Mitt Romney's campaign has started a new blog to humanize him, but he still has some work to do in Virginia. Newt Gingrich has that genre locked down, but he might consider working on another: cute Callista photos. Here's our guide to today's polls and why they matter.

Findings: Obama's ahead of Romney in Virginia with 50 percent to 42 percent. If Romney adds the state's governor, Bob McDonnell, to the ticket, the outcome is essentially the same: 50 prcent to 43 percent.
Pollster: Quinnipiac
Methodology: Survey of 1,034 registered voters from March 13 to March 18.
Why it matters: Virginia was a surprise swing state in 2008, and Obama's reelection campaign thinks winning the state plus North Carolina is a sure path to 270 electoral votes in November. McDonnell has high approval ratings, the pollster notes, but his addition to the ticket doesn't change Virginians' minds.
Caveat: Romney is still fighting fellow Republicans in the primary and has not focused all his energies on attacking Obama.
 
Findings: Callista Gingrich is the only potential first lady who is more disliked than liked. Her favorability rating is 18 percent, her unfavorability rating is 44 percent. Michelle Obama is the only woman who comes close, with a 34 percent unfavoribility rating but a 54 percent favorability rating.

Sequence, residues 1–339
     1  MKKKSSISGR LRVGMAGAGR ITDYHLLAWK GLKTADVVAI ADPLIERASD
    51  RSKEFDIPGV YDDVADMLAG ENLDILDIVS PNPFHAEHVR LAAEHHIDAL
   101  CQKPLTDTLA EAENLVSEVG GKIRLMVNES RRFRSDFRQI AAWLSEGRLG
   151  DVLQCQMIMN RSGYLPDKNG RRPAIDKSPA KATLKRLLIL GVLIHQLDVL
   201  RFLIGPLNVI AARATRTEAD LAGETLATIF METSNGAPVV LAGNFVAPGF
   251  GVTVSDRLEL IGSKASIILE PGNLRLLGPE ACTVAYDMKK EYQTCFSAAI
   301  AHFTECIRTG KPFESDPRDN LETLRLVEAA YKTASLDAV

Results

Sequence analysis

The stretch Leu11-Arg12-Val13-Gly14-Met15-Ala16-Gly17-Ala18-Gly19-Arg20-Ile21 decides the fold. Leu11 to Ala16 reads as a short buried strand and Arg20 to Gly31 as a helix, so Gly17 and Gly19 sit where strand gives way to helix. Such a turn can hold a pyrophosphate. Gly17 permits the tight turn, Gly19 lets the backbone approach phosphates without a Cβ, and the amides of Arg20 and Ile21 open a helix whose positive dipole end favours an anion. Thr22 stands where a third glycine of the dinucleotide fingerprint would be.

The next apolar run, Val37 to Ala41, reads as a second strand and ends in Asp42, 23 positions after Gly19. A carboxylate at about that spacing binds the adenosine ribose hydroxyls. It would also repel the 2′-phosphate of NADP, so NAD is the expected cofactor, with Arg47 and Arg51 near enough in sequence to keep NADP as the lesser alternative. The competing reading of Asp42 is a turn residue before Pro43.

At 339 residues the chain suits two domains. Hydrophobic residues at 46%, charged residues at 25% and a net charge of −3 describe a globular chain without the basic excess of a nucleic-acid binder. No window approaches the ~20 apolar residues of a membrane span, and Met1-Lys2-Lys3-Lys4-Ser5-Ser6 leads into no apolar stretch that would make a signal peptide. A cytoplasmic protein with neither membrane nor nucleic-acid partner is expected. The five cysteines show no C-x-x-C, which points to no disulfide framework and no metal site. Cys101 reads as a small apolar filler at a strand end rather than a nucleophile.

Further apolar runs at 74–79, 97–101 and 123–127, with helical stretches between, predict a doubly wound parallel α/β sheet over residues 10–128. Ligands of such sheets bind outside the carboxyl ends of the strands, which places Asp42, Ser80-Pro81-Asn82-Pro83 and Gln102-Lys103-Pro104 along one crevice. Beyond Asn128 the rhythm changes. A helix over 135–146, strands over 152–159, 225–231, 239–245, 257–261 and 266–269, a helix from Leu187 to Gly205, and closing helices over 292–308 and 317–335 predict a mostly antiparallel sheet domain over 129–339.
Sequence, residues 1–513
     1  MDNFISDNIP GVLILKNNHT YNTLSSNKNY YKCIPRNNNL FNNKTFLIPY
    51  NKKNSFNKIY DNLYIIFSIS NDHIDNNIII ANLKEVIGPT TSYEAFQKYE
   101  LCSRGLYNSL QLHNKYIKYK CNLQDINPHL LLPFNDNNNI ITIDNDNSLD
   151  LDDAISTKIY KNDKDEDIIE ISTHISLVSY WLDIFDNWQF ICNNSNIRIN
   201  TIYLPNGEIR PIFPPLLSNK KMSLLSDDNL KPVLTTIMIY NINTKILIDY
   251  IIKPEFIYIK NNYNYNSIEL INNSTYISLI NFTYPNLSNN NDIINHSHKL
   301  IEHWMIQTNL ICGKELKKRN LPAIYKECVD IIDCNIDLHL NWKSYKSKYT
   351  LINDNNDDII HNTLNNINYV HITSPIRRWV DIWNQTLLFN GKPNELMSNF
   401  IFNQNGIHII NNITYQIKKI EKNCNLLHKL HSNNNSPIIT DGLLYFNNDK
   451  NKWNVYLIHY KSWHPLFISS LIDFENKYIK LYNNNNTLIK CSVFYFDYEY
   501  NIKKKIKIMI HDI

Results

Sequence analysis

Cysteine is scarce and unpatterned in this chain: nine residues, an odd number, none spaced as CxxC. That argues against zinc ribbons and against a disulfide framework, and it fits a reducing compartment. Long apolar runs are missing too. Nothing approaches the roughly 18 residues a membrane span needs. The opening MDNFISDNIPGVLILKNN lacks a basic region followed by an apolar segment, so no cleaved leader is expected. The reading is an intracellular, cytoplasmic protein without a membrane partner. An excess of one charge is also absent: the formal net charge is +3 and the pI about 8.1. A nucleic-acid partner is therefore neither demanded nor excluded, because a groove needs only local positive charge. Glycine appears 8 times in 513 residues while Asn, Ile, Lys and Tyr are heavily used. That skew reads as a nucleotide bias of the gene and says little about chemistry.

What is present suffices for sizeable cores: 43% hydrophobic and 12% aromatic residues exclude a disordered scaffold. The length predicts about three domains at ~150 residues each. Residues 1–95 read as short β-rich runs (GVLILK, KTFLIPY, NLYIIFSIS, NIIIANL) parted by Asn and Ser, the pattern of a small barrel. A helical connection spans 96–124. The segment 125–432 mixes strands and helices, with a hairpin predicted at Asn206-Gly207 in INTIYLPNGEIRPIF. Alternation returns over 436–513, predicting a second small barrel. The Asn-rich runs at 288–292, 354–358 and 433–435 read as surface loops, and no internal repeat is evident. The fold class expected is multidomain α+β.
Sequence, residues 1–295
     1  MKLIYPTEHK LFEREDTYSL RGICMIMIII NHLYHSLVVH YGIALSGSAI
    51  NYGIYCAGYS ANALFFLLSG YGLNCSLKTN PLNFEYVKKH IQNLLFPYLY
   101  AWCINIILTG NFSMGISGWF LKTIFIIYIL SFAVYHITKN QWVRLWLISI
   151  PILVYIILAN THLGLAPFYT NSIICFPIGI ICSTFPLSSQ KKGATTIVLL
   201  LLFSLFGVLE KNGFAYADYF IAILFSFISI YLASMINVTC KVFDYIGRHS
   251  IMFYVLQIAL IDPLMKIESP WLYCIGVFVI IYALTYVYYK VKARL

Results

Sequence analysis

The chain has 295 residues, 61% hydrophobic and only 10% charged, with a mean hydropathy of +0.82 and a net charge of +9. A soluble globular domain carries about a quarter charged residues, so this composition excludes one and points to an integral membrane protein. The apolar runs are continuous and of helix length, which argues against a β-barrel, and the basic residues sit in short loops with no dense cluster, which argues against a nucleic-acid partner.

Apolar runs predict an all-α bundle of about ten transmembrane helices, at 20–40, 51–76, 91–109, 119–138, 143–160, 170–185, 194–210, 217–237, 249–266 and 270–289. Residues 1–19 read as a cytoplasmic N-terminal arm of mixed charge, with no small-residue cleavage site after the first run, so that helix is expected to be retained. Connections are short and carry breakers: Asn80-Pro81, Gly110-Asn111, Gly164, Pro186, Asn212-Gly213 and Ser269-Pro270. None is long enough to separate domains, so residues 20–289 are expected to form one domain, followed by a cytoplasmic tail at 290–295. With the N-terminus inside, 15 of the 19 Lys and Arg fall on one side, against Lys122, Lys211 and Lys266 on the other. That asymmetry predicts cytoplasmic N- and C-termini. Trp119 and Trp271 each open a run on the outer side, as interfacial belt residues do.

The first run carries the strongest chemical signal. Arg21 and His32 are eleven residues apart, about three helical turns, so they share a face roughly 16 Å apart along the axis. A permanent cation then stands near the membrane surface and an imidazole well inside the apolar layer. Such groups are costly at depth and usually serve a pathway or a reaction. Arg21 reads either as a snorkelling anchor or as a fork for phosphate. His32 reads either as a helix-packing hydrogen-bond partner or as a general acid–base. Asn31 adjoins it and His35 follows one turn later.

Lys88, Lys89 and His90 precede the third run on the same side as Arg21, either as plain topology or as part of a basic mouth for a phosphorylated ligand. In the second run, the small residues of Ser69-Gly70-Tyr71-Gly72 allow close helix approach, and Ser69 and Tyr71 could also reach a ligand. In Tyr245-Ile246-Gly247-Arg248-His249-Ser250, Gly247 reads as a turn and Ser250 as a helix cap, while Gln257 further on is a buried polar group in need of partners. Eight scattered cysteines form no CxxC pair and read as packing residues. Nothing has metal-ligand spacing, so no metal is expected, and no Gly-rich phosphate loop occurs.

Methodology: Robo-calls to 900 American voters from March 15 to March 17. 
Why it matters: The American people have shockingly refused to accept the bulletproof defense of Callista offered by the Atlantic Wire: that her steadfast devotion to her unusual haircut, even in the face of whithering criticism, shows she's a rebel, bravely defying the bed-headed hordes, and standing up for her haircare principles. Instead, Americans are sticking with the worn-out tradition of rooting against the villans of country music songs.
Caveat: PPP leans left.
 
Findings: Santorum is ahead in the Louisiana primary, with 37 percent to Romney's 24 percent. Gingrich has 21 percent. 
Methodology: Survey of 2,018 likely voters on March 19.
Why it matters: Louisiana votes March 24. Gingrich's southern strategy is still failing -- he lost in Alabama and Mississippi -- and his campaign has again entered the anonymous griping stage. Politico reports that that he makes "99.9 percent" of campaign decisions, which sometimes leads to chaos. The decision to conceded Kansas was apparently made spur-of-the-moment. And, just as his former House colleagues complain, he can't stick to one issue at a time. "One day, it’s the most current of issues, gas prices, and the next he’s back to moon bases and brain science," Politico says.
Caveat: Magellan is a Republican firm.